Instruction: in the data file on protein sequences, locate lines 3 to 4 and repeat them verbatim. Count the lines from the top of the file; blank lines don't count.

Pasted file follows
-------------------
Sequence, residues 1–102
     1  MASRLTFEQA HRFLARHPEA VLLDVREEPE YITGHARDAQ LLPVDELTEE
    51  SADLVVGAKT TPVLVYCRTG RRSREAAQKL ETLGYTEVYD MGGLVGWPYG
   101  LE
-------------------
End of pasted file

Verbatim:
    51  SADLVVGAKT TPVLVYCRTG RRSREAAQKL ETLGYTEVYD MGGLVGWPYG
   101  LE